In the 80s, Norman Tebbit allegedly said that the unemployed should ‘get on their bike’ and find a job. 35 years later, a judge in the case of Wright v Wright  has said something very similar. Perhaps naturally, this hit the headlines in the papers. But is it so surprising? Milton Keynes family solicitor John Egan gives his view on this case involving the issue of maintenance payments.
The financial application before the court on the Wright case involved the wife seeking to vary upwards the maintenance award given to her when the parties initially divorced. In 2008, she had been awarded, amongst other things, £32,000 p.a. from her ex-husband (for life, remarriage or further order). In those proceedings, the judge had indicated that the wife would be expected to make a working contribution towards her own household expenditure.
Before their marriage, the wife had worked as a legal secretary and as an administrator. The husband was now 59 and the wife 51. They had two children aged 16 and 10. At the time of the current hearing, the wife was not working, whilst the husband continued to work as an equine surgeon.
In short, the judge declared that the wife’s maintenance should be scaled down over six years to enable her to improve her earning capacity and she failed in her application. Was that fair?
Related post: You may also be interested in our blog post - The mystery of ex-spouse maintenance.
To be frank, we should now be getting away from the expectation that wives will usually get maintenances from their husbands. There is significantly more equality in society and the workplace now, such that it is not unusual for spouses to earn similar salaries or for wives to earn more than their husbands. The principles of paying maintenance should be applied in the same way.
Furthermore, it is the court’s obligation to consider if it is possible for there to be a clean break between spouses on divorce. What the law says is that whilst considering all the circumstances of a case, the judge must specifically consider the ‘income, earning capacity, property and other financial resources which each of the parties to the marriage has or is likely to have in the foreseeable future, including in the case of earning capacity, any increase in that capacity which it would in the opinion of the court be reasonable to expect a party to the marriage to take steps to acquire. This might involve an in-depth analysis of the skills that a spouse has and the efforts that should be taken to obtain other qualifications and retrain. It might also involve an analysis of the employment market and also health considerations that affect earning capacity. What it does mean is that spouses must do what they can, taking into account other factors such as the age of any dependent children in their care.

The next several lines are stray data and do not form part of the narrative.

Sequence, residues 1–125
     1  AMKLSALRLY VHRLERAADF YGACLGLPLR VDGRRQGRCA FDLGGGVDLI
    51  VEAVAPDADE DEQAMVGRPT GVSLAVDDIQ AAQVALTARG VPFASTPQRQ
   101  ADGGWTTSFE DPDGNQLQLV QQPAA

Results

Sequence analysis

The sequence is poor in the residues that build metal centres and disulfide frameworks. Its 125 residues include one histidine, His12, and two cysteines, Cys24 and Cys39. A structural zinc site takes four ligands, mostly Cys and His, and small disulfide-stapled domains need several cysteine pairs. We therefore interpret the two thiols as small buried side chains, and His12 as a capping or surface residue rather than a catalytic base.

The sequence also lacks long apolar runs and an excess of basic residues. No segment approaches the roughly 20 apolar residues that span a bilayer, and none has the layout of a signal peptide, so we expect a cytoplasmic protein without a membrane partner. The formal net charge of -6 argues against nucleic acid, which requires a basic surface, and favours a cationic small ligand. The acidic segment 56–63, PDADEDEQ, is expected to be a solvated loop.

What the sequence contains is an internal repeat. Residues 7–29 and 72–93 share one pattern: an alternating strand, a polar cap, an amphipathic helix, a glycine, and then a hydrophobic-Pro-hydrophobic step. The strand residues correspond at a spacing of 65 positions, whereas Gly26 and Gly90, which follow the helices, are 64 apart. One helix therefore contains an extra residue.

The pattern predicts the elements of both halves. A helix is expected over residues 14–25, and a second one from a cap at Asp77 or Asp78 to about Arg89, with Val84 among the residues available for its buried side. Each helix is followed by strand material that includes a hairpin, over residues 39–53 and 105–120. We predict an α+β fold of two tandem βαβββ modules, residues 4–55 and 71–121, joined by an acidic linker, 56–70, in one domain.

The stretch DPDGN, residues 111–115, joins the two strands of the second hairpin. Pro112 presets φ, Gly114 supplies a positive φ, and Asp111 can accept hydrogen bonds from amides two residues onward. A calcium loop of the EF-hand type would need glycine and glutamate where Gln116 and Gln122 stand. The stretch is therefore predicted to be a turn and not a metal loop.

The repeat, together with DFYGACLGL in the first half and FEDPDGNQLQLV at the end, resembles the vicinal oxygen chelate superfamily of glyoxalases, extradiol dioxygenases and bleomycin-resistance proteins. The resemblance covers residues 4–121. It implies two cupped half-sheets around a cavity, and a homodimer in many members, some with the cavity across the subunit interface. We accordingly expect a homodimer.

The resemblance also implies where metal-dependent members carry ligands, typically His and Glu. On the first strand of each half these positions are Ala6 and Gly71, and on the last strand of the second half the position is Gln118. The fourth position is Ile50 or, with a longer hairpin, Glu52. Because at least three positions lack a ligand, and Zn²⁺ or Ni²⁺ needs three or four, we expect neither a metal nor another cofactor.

However in the Wright case, the judge said that “there is a general expectation in these courts that once a child is in year 2 most mothers can consider part-time work consistent with their obligation to their children.” In short, a spouse should not expect to receive maintenance for life even if it is on the basis of a ‘joint lives order’.
Maintenance orders can be varied upwards as well as downwards and sometimes expunged altogether and a clean break imposed. This approach also means that someone who is working cannot simply give up without being able to justify the reason for doing so. If they do, then the court can impute them to have an earning capacity and make decisions on that basis.
None of this should be particularly shocking or out of sync with what generally society expects. However, it is unlikely to be the last case in which these issues are raised – so make sure you get good advice and the evidence to back up your case – because you now know what the judge is likely to say.